From: Andy Soos, ENN
Published August 3, 2010 02:33 PM

Solar Futures

Solar power is the generation of electricity from sunlight. This can be direct as with photovoltaics, or indirect as with concentrating the sun's rays to boil water which is then used to provide power.  Solar energy can be obtained in a variety of different ways. Passive solar occurs when you build your house in a manner that takes advantage of the low angle winter sun and/or when the mass of your house is used to absorb the sun’s heat in winter. In addition, passive solar also refers to keeping your house cooler in the winter months by making adjustments that include placing trees and awnings along the south side of a house.  

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The major cost is in the original installation for solar power. This cost is recouped either by rebates from the government or over years in savings from "free" solar power.

Once the costs of installing the solar panels have been recouped, the cost savings of solar energy can be significant. For instance, the SunPower Company installed 24 solar panels on a California based family’s roof. These solar panels resulted in significant cost savings for them; specifically, the family’s electricity costs were reduced from $2350 per year to $410 per year.

The family’s carbon footprint was significantly reduced by 118,299 pounds. This amount is equivalent to moving thirty cars from the road or planting thirty acres of trees.

Solar power from boiling water is another method that people can utilize. This could consist of placing mirrors or other reflective materials so that the sun’s rays are concentrated on a pool of water. When this liquid boils, the steam from the boiling fluid powers a turbine which then creates usable electricity.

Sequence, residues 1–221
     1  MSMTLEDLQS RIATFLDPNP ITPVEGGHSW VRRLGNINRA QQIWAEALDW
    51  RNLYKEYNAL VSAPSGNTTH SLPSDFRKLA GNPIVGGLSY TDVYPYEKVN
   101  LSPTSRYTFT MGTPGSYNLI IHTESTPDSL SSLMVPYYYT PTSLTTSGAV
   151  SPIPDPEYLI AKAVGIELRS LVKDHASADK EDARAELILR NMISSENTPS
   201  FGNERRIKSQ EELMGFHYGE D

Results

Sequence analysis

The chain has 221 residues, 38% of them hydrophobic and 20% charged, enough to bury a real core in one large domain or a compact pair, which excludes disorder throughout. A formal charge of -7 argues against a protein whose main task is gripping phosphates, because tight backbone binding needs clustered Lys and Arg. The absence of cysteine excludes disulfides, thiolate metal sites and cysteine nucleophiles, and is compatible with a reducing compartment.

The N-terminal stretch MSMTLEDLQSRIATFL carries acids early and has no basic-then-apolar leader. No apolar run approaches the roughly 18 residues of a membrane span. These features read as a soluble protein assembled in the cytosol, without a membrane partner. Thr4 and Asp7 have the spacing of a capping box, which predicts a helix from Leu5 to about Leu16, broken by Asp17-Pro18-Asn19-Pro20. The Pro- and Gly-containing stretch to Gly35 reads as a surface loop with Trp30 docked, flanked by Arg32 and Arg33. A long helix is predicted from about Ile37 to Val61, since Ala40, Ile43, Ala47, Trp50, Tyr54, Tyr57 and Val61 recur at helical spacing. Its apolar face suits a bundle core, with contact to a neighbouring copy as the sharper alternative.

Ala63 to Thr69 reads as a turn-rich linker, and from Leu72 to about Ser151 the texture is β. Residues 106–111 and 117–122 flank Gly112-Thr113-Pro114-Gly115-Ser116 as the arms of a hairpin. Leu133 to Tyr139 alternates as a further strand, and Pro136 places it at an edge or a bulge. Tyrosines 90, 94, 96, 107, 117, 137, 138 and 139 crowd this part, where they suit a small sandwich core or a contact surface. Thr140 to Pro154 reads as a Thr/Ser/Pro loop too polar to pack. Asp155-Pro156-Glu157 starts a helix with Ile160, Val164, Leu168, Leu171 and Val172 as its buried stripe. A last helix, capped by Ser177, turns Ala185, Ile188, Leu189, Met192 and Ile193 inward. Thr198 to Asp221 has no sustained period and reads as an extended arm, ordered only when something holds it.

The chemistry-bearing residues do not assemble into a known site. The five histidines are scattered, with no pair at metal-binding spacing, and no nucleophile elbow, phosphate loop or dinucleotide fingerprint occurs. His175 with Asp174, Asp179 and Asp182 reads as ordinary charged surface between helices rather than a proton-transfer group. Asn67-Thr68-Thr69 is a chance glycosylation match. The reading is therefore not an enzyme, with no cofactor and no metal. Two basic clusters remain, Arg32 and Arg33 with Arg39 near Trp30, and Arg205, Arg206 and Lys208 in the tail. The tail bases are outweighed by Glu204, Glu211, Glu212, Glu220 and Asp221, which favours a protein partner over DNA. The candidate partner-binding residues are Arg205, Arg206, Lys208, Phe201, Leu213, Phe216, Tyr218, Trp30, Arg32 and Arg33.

In the Philippines solar power has been installed and then impacted over 6,000 homes and schools that sorely need reliable electricity. Launched in April 2010, Phase 3 of the project will reach an additional 135,000 students in 150 schools and 12,000 homes. The program is a partnership with regional nonprofit groups and the U.S. Agency for International Development, the Philippine Department of Energy, and Winrock International.

One of the largest roof top solar panel installation in the United States has been built on top of the FedEx Ground distribution center — a former brownfield site in Woodbridge, New Jersey. The system, which covers 3.3 acres on the company’s facility, is capable of producing 2.6 million kilowatt hours of electricity each year — equivalent to 30 percent of the hub’s annual energy needs. It will also reduce carbon dioxide output by an amount comparable to taking more than 340 cars off the road.

Woodbridge Township is also planning to install solar panels on six of its municipal buildings for a cost of $5.5 million. There are a total of $2.4 million in rebates leaving only $3.1 million to pay. Savings are estimated at $140,000 a year which will mean 20 years to pay back the initial cost. So while there are savings with solar power, investment cost is considerable.

Whether solar power is economical will depend on local electrical costs, governmental rebates, and costs declining due to increased production of the necessary parts such as solar cells.


For further information: http://www.greenprogress.com/alternative_energy_article.php?id=1739&ref=rss or http://blog.cleantechies.com/2010/08/02/sunpower-foundation-changing-way-world-powered/?utm_source=feedburner&utm_medium=feed&utm_campaign=Feed%3A+cleantechies+%28CleanTechies+Blog%29&utm_content=Google+Reader

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